As for Putin, the archbishop worried “the problem is we're dealing with a ruler who as a young man made a step in a diabolical direction.”
“He became a KGB operative. And in the Soviet Union, working for the KGB was something that was considered unconscionable. I mean, you sold your soul to the Communist system of repression,” he said of Putin. “And he’s been in that mindset for 50 years. He’s explicit about recovering that legacy. He considers that the greatest geopolitical catastrophe of the 20th century was the collapse of the Soviet Union, and he wants to rebuild an empire of those proportions. And he’s thinking, as Stalin did, well, ‘how many divisions does the Pope have?’”
“The Pope and Christians have spiritual warfare,” the archbishop said.
To the question of the Russian Orthodox Church’s endorsement of the war, Gudziak said that Church is “still in a colonial mindset” that has only strengthened in the last 15 years. This contrasts with most Christian churches which are revisiting their history and the role they might have played in colonization and empire building, “recognizing it has nothing to do with the Gospel and with God's will.”
Russian Orthodox Patriarch Kirill has developed an “ideological construct” of the “Russian world” which treats any lands that had been part of the Russian empire as part of his Church’s canonical territory. These lands are where the Russian Orthodox Church must guide society and have an impact. In Gudziak’s view, Putin has taken this concept of the “Russian world” for his own purposes.
“This is really scandalous,” said Gudziak. “The Patriarch, and his main spokesman, Metropolitan Hilarion, the head of the Department of External Church Affairs, are not able to speak truth to power. They are not able to speak out clearly in defense of the orphans and widows that are being multiplied. They don't defend the schools and universities and hospitals that are being destroyed. It's a major problem. It's a major problem for the Russian Orthodox Church and for Russian society.”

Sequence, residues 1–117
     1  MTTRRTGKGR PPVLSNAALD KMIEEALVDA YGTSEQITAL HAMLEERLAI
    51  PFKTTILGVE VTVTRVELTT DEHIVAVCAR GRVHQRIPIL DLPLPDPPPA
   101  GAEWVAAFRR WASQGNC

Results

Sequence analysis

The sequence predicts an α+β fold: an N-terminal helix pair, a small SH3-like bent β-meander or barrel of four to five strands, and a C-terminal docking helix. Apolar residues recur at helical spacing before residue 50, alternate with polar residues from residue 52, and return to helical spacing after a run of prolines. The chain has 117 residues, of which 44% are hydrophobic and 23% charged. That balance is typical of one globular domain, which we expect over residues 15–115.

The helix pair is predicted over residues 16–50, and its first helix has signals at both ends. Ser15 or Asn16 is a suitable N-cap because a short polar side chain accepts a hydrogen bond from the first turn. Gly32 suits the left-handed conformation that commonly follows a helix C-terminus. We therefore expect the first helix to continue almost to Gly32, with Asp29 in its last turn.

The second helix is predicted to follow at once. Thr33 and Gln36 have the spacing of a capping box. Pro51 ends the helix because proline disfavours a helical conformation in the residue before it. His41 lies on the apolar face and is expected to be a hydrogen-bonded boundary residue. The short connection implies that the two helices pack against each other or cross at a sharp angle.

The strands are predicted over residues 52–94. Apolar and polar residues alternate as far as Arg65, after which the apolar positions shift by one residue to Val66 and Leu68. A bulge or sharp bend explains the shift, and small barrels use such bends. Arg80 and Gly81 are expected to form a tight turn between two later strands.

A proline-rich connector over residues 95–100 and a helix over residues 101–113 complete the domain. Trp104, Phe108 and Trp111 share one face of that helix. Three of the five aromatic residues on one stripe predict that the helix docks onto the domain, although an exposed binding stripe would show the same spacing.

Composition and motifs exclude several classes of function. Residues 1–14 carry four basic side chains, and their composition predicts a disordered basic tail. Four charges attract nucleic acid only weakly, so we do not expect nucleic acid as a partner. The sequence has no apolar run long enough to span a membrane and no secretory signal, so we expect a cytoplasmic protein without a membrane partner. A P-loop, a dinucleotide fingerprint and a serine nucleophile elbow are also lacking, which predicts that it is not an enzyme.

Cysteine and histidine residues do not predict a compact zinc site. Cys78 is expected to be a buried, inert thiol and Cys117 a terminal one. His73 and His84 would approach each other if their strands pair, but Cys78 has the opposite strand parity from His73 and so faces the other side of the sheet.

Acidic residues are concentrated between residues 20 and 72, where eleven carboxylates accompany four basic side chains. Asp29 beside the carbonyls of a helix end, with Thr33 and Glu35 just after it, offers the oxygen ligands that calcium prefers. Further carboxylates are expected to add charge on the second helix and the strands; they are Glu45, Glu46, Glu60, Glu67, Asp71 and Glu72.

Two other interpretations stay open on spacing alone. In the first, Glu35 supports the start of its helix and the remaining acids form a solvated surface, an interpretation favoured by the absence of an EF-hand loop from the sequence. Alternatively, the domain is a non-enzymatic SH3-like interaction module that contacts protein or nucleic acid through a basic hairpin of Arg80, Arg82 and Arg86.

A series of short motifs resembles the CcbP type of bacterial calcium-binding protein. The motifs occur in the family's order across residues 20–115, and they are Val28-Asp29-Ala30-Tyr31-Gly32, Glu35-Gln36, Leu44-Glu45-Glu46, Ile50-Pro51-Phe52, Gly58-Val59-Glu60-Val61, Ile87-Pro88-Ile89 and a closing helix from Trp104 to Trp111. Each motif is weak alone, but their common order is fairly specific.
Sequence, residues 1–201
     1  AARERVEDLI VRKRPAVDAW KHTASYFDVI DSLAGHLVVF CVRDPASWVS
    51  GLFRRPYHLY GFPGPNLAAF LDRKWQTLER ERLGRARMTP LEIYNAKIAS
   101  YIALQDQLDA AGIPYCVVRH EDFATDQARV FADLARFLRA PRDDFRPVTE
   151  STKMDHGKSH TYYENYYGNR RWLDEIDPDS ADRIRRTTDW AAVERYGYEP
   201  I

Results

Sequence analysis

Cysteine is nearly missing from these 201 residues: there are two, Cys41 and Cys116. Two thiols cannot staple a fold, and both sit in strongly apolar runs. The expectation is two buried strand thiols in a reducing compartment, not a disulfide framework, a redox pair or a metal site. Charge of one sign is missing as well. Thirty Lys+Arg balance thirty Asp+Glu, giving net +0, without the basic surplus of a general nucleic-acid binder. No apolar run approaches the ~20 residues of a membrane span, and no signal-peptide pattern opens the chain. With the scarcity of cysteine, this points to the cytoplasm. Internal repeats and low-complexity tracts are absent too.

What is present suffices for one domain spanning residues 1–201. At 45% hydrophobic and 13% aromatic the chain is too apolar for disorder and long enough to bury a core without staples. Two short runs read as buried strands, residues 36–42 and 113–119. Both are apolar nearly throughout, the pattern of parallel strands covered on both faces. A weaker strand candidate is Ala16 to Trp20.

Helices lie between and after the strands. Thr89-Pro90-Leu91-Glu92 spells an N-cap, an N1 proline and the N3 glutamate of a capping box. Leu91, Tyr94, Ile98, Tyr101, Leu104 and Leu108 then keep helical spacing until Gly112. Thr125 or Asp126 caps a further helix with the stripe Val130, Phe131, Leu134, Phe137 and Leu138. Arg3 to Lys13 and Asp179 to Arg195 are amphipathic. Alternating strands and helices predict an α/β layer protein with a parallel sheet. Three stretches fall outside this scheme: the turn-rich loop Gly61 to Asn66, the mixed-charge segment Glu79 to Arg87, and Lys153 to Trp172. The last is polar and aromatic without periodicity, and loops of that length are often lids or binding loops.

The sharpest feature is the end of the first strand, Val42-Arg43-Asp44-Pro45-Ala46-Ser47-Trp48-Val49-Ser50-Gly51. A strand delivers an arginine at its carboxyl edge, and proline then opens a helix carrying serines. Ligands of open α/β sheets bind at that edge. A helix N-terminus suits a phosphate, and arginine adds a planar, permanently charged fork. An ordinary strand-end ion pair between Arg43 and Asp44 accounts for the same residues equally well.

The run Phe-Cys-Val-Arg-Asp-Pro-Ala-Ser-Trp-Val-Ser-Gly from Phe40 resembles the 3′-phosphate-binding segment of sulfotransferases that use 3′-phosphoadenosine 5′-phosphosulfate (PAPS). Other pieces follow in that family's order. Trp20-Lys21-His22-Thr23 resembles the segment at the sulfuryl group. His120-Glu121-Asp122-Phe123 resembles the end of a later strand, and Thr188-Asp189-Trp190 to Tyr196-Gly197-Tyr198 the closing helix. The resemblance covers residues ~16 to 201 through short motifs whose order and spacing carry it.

“This is not a war that Russia is waging because NATO was threatening Ukraine. Ukraine, of course, is not threatening Russia,” he said. He cited Ukraine’s surrender of its nuclear arsenal for guarantees of territorial integrity from Russia, the U.K., and the U.S. It had reduced its army from 900,000 in 1991 to 6,000 in 2014.
“Ukraine was not a threat. The real threat is the democracy, the spirit, the freedom of the press, the civic society that developed in Ukraine,” the archbishop said. “That virus, if it passed to Russia, would create great danger to an autocracy, a kleptocratic oligarchy, which Putin runs and is fostering. And he wants that kind of system globally.”
As Gudziak sees the world, this kind of system is in place in China and Venezuela. He noted that Putin is supporting “authoritarian tendencies” and has shown friendliness towards Indian Prime Minister Modi and Brazil’s President Bolsonaro.
“Putin is not a defender of traditional values,” Gudziak added. He pointed to Russia’s extremely high abortion rate and “astronomic” rates of alcoholism, divorce, and corruption.
“These spiritual, moral indicators are much better in secular Netherlands than they are in Russia,” he said.
(Story continues below)
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Gudziak discussed the world’s reaction to the Russian invasion and welcomed prayers and Church outreach to refugees.
“The Catholic Church in Poland has taken a prophetic stance and is leading all of Polish society in receiving the refugees … they're being received very warmly, very generously,” he said.
The archbishop also stressed the need to pray.
“We’re very grateful that Churches throughout the world are praying and prayer is very important,” he said. “Prayer brought the Soviet Union down. It wasn’t a war, it wasn’t an army. It was the blood of martyrs, God’s Grace and years of prayer and the kind of work that Aid to the Church in Need did, educating people and calling people to pray for the fall of communism.”
“We saw the incredible power of a tyranny of a totalitarian state armed to his teeth with nuclear weapons, with limitless resources for repression, (yet) that Soviet Union was not able to snuff out the Church,” the archbishop continued. “The Ukrainian Catholic Church was reduced from 3000 priests to 300. Those 300 priests in the end were serving only 1% of the pre-World War II population because in the underground you can't have big gatherings and today [the Church] has 3000 priests. Again, we see that authoritarian powers can do great damage to Christians, to Catholics—China is an example today—but the Church will prevail.”
“We have prayer, we have grace, and we can see that morally Ukraine has won this war. The whole world is united today around Ukraine,” he said. The war “united a fractured Europe” and brought together North Atlantic partners.